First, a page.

They were pebbles but I call them stones. Yes, on this occasion I laid in a considerable store. I distributed them equally between my four pockets, and sucked them turn and turn about. This raised a problem which I first solved in the following way. I had say sixteen stones, four in each of my four pockets these being the two pockets of my trousers and the two pockets of my greatcoat. Taking a stone from the right pocket of my greatcoat, and putting it in my mouth, I replaced it in the right pocket of my greatcoat by a stone from the right pocket of my trousers, which I replaced by a stone from the left pocket of my trousers, which I replaced by a stone from the left pocket of my greatcoat, which I replaced by the stone which was in my mouth, as soon as I had finished sucking it. Thus there were still four stones in each of my four pockets, but not quite the same stones.

It occurs to him that this method won’t ensure that every stone is eventually sucked, and he works out a plan that will achieve this. This takes eight pages, “one of the longest and most detailed accounts of someone working at a mathematical problem in a work of fiction,” according to Richard Phillips in Numbers: Facts, Figures and Fiction.

Maddeningly, in the end Molloy throws away all the stones but one, “for they all tasted exactly the same.”

# The Value of Research

In 1970, shortly after the first lunar landing, rocket scientist Ernst Stuhlinger received a letter from missionary Sister Mary Jucunda in Zambia asking how the government could justify spending billions of dollars on space exploration when so many children on Earth were starving to death. He responded with a story:

About 400 years ago, there lived a count in a small town in Germany. He was one of the benign counts, and he gave a large part of his income to the poor in his town. This was much appreciated, because poverty was abundant during medieval times, and there were epidemics of the plague which ravaged the country frequently. One day, the count met a strange man. He had a workbench and little laboratory in his house, and he labored hard during the daytime so that he could afford a few hours every evening to work in his laboratory. He ground small lenses from pieces of glass; he mounted the lenses in tubes, and he used these gadgets to look at very small objects. The count was particularly fascinated by the tiny creatures that could be observed with the strong magnification, and which he had never seen before. He invited the man to move with his laboratory to the castle, to become a member of the count’s household, and to devote henceforth all his time to the development and perfection of his optical gadgets as a special employee of the count.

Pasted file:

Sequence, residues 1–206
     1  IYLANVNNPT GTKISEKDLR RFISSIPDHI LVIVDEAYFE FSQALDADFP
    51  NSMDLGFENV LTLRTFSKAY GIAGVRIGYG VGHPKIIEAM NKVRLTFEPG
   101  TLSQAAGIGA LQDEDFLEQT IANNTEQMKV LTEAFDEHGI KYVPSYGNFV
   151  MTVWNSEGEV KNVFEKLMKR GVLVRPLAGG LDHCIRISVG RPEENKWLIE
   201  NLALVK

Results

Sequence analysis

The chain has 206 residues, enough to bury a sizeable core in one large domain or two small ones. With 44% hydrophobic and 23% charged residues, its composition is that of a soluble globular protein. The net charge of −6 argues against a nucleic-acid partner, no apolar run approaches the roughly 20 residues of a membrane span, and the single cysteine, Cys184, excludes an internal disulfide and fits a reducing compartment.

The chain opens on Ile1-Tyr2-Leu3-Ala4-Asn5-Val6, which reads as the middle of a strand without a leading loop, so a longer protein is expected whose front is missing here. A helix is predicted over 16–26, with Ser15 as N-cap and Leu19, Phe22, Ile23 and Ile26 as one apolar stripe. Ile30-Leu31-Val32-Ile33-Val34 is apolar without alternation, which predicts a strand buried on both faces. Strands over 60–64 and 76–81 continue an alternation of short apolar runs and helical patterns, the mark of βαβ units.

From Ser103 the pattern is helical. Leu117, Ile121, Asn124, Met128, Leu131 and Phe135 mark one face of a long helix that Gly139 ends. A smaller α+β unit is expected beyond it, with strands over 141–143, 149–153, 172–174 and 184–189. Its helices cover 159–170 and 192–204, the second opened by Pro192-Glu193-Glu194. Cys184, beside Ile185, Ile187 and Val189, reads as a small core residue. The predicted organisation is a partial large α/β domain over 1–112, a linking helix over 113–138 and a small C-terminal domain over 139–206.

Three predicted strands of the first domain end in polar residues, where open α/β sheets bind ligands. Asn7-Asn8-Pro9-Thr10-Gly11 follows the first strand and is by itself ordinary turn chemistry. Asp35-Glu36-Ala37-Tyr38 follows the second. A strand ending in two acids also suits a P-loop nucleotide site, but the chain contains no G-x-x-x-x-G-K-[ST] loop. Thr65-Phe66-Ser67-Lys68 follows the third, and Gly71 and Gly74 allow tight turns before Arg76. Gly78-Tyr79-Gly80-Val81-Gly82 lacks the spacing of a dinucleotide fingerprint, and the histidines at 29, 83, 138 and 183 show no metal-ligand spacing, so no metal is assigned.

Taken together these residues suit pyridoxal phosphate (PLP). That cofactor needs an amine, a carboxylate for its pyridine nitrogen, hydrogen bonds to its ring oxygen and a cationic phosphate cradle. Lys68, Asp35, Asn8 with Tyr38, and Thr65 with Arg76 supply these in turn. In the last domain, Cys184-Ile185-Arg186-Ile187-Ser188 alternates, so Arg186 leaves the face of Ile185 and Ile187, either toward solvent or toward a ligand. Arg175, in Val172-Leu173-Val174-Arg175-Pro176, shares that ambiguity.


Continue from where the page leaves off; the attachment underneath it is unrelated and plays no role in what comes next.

The townspeople, however, became angry when they realized that the count was wasting his money, as they thought, on a stunt without purpose. ‘We are suffering from this plague,’ they said, ‘while he is paying that man for a useless hobby!’ But the count remained firm. ‘I give you as much as I can afford,’ he said, ‘but I will also support this man and his work, because I know that someday something will come out of it!’

Indeed, something very good came out of this work, and also out of similar work done by others at other places: the microscope. It is well known that the microscope has contributed more than any other invention to the progress of medicine, and that the elimination of the plague and many other contagious diseases from most parts of the world is largely a result of studies which the microscope made possible.

The count, by retaining some of his spending money for research and discovery, contributed far more to the relief of human suffering than he could have contributed by giving all he could possibly spare to his plague-ridden community.

Stuhlinger’s whole letter is here (PDF). “Although our space program seems to lead us away from our earth and out toward the moon, the sun, the planets and the stars,” he wrote, “I believe that none of these celestial objects will find as much attention and study by space scientists as our earth.”

# Small Claims

In 1895, when a Chicago landowner failed to pay his taxes, a bidder acquired a claim to the east one-vigintillionth part of the lot. The insurance company tried to foreclose, arguing that the owner had allowed a cloud to come on the title by the loss of this small fraction. But the county court held that a vigintillionth (1/1000000000000000000000000000000000000000000000000000000000000000) was practically nothing, as “its width would be so fine that the most powerful magnifying glass ever made could not discover it: it would be utterly incapable of physical possession.” In a little rhapsody, the Northwestern Law Review agreed: